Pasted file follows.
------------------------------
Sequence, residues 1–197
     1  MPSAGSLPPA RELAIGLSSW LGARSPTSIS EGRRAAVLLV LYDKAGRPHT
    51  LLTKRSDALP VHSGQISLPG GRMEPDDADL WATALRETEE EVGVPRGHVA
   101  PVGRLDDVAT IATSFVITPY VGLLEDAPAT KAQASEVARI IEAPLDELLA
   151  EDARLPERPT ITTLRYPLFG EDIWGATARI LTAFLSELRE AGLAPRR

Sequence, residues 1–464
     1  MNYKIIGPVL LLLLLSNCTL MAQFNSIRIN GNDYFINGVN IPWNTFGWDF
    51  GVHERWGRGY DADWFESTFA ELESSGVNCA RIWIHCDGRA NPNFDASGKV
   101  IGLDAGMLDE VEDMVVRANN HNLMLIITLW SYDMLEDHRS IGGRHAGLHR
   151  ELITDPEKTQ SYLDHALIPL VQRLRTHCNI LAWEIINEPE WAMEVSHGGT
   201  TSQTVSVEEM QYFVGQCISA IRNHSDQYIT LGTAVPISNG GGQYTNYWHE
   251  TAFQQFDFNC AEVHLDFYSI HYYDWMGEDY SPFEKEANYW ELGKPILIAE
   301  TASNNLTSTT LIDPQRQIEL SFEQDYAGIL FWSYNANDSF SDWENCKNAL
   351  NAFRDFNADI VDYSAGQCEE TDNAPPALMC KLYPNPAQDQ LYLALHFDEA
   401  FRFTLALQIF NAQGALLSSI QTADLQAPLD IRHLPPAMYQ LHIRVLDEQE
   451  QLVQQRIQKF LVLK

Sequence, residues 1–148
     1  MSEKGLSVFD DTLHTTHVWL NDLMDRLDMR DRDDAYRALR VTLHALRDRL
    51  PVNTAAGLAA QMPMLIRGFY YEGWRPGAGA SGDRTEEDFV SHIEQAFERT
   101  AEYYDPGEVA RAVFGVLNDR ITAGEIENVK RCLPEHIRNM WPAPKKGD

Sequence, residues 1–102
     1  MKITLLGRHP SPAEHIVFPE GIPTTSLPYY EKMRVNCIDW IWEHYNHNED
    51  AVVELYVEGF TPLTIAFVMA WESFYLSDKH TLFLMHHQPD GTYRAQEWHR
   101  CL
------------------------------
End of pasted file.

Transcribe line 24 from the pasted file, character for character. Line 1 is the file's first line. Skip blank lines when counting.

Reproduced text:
   101  CL